In some occasions, and after making a massive
delete from a table, I have started a
VACUUM FULL ANALYZE to make sure the DB was not getting too bloated. Doing it in a production database has let me discover that this was not a good idea, because I could block the table for a long period of time. So, I cancelled the process, maybe tried just
VACUUM (not full) or let
AUTOVACUUM do later whatever it can do.
The question is: if I stop a VACUUM or AUTOVACUUM "mid-way", is all the processing already done lost?
For instance, if
VACUUM already found 1 M dead rows and I stop it, is all this information lost? Does VACUUM work in a fully transactional manner ("all or nothing", like a very good number of PostgreSQL processes)?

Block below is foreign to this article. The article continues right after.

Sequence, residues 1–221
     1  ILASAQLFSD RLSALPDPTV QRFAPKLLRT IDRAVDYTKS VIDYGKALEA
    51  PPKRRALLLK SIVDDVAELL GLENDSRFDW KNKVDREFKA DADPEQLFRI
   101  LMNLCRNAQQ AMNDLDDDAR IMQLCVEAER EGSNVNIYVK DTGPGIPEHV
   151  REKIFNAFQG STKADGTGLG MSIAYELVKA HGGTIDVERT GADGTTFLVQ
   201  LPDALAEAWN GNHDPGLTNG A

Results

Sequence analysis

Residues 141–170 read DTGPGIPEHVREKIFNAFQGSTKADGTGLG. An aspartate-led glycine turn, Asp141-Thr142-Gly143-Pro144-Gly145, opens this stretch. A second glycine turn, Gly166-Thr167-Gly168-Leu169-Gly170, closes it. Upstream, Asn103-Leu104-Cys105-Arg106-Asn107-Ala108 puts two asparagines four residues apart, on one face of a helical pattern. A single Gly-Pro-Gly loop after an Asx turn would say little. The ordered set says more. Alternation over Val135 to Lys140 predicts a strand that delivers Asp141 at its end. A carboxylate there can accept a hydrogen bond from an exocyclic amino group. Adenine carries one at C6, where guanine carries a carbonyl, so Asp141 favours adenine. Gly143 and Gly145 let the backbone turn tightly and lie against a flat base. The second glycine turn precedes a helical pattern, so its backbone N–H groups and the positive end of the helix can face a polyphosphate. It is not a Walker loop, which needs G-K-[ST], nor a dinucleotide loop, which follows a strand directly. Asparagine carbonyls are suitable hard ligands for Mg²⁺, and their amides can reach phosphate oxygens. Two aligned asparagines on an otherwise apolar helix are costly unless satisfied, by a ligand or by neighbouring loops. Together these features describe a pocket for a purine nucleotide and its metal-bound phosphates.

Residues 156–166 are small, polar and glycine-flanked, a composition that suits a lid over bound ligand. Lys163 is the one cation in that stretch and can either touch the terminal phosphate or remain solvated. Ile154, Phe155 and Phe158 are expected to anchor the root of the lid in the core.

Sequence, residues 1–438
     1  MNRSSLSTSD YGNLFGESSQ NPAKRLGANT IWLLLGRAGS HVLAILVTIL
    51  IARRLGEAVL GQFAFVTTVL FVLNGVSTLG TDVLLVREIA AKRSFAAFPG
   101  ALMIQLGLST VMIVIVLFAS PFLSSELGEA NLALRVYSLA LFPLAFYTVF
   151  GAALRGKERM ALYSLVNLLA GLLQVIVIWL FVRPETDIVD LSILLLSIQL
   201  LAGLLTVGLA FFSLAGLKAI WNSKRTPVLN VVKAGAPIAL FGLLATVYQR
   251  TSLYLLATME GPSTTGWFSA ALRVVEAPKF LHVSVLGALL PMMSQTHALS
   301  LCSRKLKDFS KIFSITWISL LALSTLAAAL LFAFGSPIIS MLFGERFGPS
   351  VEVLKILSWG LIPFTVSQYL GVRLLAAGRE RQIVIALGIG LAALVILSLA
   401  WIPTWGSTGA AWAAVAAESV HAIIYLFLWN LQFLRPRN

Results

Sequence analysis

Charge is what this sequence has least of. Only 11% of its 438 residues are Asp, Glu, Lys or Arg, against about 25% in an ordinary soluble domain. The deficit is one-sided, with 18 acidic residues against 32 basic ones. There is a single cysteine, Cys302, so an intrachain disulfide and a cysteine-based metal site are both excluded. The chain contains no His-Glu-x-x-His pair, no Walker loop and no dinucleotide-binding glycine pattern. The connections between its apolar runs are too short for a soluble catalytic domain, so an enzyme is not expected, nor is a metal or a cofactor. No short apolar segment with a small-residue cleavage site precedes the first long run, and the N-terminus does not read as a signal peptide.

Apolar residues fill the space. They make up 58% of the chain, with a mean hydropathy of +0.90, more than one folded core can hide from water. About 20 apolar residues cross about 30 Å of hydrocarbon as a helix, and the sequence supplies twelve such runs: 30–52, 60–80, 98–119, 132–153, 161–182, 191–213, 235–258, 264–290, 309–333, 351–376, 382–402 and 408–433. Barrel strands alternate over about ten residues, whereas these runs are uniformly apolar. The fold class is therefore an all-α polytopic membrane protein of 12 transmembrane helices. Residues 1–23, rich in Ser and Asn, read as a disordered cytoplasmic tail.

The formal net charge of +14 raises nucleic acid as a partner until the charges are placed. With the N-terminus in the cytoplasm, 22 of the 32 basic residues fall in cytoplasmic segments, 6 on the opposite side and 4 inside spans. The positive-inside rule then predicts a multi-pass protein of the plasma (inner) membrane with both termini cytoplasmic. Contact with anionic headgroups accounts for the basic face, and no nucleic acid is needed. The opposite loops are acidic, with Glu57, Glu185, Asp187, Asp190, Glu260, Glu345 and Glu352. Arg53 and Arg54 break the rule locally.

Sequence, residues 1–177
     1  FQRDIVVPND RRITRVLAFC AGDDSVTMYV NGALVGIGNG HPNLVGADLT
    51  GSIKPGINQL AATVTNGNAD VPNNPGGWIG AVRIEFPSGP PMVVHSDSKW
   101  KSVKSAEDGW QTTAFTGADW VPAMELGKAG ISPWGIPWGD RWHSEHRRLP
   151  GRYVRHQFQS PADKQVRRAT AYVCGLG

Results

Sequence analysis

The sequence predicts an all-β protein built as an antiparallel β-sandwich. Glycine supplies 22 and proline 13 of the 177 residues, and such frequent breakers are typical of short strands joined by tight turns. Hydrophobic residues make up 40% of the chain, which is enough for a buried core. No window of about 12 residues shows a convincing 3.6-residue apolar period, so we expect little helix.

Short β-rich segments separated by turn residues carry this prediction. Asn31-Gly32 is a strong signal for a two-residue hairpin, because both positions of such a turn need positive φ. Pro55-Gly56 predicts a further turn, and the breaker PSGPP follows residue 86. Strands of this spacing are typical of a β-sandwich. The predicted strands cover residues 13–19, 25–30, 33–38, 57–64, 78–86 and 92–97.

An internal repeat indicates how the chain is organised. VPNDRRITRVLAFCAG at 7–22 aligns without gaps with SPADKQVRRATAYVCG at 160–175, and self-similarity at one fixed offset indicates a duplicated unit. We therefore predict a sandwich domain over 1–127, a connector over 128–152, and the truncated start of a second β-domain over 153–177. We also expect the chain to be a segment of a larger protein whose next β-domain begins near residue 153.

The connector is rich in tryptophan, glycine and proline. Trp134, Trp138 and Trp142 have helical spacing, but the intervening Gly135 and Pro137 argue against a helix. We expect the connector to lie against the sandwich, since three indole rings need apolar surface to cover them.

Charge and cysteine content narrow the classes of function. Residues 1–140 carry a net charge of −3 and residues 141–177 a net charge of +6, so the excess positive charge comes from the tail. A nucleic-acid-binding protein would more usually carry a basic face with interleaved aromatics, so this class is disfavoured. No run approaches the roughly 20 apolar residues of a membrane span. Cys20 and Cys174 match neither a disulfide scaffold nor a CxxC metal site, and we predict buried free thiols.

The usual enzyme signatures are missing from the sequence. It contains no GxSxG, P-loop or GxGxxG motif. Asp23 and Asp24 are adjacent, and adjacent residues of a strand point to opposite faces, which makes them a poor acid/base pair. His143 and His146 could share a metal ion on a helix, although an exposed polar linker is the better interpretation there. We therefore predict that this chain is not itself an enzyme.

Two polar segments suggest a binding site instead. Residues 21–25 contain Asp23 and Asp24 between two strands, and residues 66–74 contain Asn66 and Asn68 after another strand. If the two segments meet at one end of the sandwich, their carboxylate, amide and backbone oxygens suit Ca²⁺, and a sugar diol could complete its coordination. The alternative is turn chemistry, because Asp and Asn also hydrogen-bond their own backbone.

If VACUUM can be safely interrupted without all the work being lost, is there any way to make
vacuum work incrementally? [Work for 100 ms, stop, wait 10 ms to allow for non-blocking the rest of the world... and so on]. I know you can do part of this by tuning autovacuum parameters, but I am thinking along the lines of being able to control this programmatically, to be able to do it at certain times / under certain conditions.
NOTE: Stop / cancel / kill the process means in this context:
- If using pgAdmin, press the "Cancel Query" button.
- If working programmatically, call pg_cancel_backend().
I assume that both are equivalent. I have not used any shell/system-level kill command.